Tsurugaoka Hachiman-gū is the most important and historical shrine in Kamakura, it is dedicated to Hachiman, the god of war in the Shinto religion, and protector of the Japanese people.
In 1192 Minamoto no Yoritomo, the first shogun to settle in Kamakura after which Kamakura became the capital of the country chose Hachiman as the protective divinity adopted this sanctuary, which had been built before its arrival in 1063.
The Tsurugaoka Hachiman-gū was initially built closer to the sea (Zaimokuza Area). But on his arrival, Minamoto no Yoritomo moved the shrine to occupy a central position in Kamakura. You can still visit the site of the old Shrine `Moto-Hachiman’ or previous Hachiman, it is within walking distance of WeBase.
Various events are held at the shrine throughout the year.
Example: For New Year holidays, hatsumode (first Shinto shrine visit of the Japanese New Year) one of the most popular shrines in Japan over two million visitors. Expect waiting times of above 3 hours!
In April and September, Yabusame (archery from horseback) is performed along the main approach to the shrine. There are smaller festivals all year round.
Next to the shrine is a set of Inari gates leading up a path to a small temple on a hilltop, this is also a great spot for a photo and may remind visitors of Fushii-Inari Shrine in Kyoto.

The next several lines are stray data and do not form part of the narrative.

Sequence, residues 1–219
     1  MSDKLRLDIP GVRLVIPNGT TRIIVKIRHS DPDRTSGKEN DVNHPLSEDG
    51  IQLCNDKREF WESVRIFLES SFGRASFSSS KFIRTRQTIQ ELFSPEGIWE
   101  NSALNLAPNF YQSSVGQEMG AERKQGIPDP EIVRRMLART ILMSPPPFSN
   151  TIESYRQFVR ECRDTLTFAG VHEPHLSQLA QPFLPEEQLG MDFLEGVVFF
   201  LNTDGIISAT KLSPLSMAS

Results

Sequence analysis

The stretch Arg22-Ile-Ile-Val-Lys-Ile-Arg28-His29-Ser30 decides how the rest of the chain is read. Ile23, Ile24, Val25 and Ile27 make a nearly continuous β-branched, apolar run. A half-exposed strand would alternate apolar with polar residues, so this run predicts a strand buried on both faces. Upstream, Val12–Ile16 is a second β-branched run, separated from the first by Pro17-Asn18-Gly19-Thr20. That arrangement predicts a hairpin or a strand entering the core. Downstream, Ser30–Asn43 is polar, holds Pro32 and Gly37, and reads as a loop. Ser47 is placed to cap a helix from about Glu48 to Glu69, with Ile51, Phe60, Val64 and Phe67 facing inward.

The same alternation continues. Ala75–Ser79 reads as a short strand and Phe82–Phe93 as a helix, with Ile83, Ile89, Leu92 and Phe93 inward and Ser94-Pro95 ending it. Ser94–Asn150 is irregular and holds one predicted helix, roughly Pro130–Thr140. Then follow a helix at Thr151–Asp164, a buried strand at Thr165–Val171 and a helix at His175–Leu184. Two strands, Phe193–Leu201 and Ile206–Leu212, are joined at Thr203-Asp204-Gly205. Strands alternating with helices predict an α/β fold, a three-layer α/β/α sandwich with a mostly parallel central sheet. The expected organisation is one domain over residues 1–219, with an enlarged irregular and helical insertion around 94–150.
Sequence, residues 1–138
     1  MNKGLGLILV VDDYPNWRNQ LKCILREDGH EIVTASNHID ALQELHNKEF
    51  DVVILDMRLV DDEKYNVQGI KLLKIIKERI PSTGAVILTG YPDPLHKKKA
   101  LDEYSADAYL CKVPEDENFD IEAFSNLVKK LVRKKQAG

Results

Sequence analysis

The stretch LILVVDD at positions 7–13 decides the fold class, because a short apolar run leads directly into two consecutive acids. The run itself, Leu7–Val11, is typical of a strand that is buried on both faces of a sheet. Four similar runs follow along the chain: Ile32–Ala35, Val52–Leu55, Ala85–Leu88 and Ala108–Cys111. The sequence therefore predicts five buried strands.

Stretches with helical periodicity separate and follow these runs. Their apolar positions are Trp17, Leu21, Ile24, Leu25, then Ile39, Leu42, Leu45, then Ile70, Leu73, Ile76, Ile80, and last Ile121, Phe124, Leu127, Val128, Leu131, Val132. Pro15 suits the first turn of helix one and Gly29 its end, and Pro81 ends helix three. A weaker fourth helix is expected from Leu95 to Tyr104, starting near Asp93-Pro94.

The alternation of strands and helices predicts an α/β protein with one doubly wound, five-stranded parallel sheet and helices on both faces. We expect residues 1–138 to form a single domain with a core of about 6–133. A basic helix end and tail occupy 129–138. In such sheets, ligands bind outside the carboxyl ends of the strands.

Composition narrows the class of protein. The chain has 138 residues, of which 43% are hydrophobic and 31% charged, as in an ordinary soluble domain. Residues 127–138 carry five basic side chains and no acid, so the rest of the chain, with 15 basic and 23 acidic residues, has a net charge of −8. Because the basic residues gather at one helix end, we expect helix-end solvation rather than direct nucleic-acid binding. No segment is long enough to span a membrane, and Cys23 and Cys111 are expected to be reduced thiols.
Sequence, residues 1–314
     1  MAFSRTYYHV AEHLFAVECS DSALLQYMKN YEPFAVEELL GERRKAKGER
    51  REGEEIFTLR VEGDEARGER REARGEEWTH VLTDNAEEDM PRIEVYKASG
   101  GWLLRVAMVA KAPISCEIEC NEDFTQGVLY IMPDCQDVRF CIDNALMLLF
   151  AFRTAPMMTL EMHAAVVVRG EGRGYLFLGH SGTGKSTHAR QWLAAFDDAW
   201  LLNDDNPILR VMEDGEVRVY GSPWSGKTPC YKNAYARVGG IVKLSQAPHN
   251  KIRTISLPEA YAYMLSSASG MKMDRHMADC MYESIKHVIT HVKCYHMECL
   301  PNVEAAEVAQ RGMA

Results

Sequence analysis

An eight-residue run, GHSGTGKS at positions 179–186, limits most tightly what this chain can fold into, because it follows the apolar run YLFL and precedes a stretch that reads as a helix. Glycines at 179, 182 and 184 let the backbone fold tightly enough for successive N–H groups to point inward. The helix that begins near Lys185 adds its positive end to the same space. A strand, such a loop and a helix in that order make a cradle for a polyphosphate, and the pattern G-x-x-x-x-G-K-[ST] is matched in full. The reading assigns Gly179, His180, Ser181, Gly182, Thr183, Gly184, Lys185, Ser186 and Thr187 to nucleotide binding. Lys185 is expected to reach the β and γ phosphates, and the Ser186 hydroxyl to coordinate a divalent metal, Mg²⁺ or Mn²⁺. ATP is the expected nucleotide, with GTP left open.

From Kamakura Station, it takes 13-minute by walk.
On the way to Hachiman-gu, there are many small shops and restaurants along the Komachi-Dori Street which offered many great places for lunch or a cafe break.
Hours and Fee：
|April-September||5am – 8:30pm (gate closes at 9pm)|
|October-March||6am – 8:30pm (gate closes at 9pm)|
|January 1-3||Open 24 hours|
- From WeBase Kamakura Hostel: It take 31-minutes by walk to Tsurugaoka Hachiman-gū. Or 10〜15 minutes by bicycle.
- From Kamakura station: It take 13-minute by walk to Tsurugaoka Hachiman-gū.
- From Tokyo station: It take 1hour from Tokyo to Kamakura Station, and 13-minute by walk to Tsurugaoka Hachiman-gū.
Best time to go：
During the weekend because there is very strong possibility that you will be able to see the Shinto wedding – the way bride and groom are dressed as well as the religious ritual itself.
But if you want time to take it all in and avoid the crowds we recommend going on the weekdays to enjoy the Shrine in peace.